Not so Safe Harbor... so, what next for employers?

Not so Safe Harbor... so, what next for employers?


Author: Kevin McCavish

Applies to: European Union

Following recent headlines on the invalidity of Safe Harbor framework to transfer personal data outside of Europe, we consider the impact upon UK employers who transfer employee data to their US parent companies and suggest next steps.


In the case of Schrems v Data Protection Commissioner (C-362/14), the Court of Justice of the European Union (CJEU) considered whether the Irish Data Protection Commissioners Office has the authority to examine Mr Schrems' concerns regarding the transfer of his personal data under the Safe Harbor framework from Facebook's Irish subsidiary to its' parent company Facebook Inc in the US.

Mr. Schrems made a complaint initially to the Irish Data Protection Commissioner because of the Snowden revelations regarding Facebook, in that Facebook (and other US companies) were being forced to make their personal data (including personal data from the EU) available to US intelligence. Mr Schrems was concerned about the protection of European citizens' fundamental privacy and data protection rights once their data reaches the US, even though Facebook had signed up to the Safe Harbor programme and accordingly been granted a presumption of adequacy.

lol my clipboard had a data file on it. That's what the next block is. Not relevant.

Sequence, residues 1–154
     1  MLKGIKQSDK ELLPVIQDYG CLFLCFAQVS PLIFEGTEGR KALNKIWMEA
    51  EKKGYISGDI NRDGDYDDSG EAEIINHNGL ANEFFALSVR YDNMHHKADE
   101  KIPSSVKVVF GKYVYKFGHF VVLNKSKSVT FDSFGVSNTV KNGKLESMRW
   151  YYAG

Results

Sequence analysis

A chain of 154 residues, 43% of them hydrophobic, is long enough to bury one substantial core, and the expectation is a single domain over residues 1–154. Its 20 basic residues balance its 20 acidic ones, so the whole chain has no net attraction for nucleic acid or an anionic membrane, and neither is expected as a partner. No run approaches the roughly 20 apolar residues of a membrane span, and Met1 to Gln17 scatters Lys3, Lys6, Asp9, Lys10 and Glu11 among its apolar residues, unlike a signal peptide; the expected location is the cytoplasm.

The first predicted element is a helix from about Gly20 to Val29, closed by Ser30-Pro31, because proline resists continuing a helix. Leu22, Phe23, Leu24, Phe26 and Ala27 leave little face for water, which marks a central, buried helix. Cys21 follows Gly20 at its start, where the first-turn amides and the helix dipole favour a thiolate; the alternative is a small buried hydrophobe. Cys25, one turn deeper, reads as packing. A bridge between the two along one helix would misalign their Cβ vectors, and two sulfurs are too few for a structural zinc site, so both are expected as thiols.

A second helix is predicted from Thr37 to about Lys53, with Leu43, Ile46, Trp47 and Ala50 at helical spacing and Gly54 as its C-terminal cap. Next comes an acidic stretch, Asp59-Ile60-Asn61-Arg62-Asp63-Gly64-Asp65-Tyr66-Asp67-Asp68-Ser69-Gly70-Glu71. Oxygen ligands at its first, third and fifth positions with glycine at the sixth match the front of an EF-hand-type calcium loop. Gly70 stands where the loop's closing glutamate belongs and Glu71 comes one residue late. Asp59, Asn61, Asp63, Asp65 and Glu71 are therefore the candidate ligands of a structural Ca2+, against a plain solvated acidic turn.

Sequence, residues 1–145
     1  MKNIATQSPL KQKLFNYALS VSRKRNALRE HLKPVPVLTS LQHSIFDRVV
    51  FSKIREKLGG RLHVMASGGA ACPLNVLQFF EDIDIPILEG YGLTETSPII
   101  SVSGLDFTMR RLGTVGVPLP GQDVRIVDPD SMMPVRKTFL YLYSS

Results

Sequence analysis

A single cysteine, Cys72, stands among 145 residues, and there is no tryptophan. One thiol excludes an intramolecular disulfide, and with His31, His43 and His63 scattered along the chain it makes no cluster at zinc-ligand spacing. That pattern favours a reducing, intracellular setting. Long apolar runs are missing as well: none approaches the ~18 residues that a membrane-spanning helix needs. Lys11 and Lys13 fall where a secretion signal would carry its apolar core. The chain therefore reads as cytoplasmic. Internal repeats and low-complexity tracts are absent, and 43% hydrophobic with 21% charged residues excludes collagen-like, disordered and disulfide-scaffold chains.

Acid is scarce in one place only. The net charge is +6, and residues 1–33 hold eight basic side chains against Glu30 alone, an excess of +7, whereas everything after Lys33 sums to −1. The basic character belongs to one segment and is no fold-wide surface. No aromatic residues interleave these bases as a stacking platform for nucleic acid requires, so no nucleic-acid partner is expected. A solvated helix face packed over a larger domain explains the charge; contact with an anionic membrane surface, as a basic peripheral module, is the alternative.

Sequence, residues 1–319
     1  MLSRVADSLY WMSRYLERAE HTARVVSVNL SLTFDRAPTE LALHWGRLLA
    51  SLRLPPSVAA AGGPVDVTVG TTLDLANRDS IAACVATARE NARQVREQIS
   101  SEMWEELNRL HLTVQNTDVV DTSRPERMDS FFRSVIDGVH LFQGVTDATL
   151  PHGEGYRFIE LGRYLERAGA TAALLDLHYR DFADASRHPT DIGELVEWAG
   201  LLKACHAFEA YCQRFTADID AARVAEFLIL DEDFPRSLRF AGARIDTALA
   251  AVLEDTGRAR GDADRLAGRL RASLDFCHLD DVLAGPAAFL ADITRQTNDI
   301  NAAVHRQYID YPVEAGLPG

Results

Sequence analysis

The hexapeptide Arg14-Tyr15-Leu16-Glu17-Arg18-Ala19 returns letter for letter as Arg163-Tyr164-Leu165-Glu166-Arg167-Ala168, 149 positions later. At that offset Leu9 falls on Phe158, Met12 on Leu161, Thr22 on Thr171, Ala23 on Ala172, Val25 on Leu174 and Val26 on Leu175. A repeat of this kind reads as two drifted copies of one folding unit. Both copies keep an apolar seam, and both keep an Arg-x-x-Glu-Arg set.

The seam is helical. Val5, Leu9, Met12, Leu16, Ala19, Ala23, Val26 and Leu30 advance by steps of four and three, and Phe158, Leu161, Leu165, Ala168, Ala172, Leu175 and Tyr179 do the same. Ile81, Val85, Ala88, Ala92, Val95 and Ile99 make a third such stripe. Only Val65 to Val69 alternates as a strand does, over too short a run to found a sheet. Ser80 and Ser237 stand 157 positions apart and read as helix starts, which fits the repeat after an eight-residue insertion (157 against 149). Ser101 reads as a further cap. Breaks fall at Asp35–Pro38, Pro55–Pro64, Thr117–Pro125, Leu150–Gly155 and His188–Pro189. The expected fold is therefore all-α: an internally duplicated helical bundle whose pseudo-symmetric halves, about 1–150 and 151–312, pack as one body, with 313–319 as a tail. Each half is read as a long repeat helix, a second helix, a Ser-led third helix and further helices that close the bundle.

The CJEU found the current Safe Harbor framework does not provide an adequate level of protection because it applies only to US corporate entities and not US public authorities. EU protections are therefore currently overridden by US national security, public interest and law enforcement requirements. The result being that the US Intelligence services have been allowed to access and conduct surveillance of personal data transferred to the US from Europe. The CJEU have also identified that the current framework does not provide the possibility for individuals to seek legal recourse against the US company and that individuals have no right therefore to access their personal data or to require it is accurate and up to date etc.

In light of the CJEU's decision, the Irish Data Protection Commission will now consider Mr Schrem's claim and decide whether the transfer of personal data of Facebook's European subscribers to the US should be suspended on the ground that the current Safe Harbor framework does not guarantee an adequate level of protection of personal data in the US.

Brief overview of Safe Harbor for employers

The EU Data Protection Directive (95/46) prevents the transfer of personal data outside of Europe unless those countries ensure an 'adequate' level of protection of the personal data. The European Commission has the power to issue a decision on whether to certify that a given country can provide such protection. It is in accordance with this power that the European Commission issued a Decision in July 2000 under which the Safe Harbor framework was borne.